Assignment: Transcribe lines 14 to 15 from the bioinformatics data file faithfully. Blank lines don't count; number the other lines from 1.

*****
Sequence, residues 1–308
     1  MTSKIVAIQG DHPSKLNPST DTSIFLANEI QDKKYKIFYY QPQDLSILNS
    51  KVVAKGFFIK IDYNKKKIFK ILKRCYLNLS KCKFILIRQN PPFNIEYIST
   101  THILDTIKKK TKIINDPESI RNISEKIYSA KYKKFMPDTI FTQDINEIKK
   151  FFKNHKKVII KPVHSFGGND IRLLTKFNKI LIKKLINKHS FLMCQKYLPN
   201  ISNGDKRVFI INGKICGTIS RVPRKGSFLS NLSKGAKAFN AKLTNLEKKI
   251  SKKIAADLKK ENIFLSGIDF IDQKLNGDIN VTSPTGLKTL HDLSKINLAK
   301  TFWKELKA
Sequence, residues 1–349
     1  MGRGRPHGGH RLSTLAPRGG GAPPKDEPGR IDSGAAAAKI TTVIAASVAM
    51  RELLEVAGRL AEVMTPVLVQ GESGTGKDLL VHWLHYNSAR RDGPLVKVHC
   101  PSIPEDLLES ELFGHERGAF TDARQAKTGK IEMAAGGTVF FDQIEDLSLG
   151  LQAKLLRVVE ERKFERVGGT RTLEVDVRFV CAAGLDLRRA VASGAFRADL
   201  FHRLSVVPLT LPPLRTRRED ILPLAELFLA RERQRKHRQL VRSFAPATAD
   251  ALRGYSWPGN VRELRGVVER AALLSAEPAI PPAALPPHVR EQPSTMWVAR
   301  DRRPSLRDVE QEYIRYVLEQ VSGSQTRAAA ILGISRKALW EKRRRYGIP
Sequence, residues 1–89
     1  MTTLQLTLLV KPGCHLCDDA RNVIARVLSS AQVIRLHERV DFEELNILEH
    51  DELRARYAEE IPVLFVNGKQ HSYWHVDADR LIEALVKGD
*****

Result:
   201  FHRLSVVPLT LPPLRTRRED ILPLAELFLA RERQRKHRQL VRSFAPATAD
   251  ALRGYSWPGN VRELRGVVER AALLSAEPAI PPAALPPHVR EQPSTMWVAR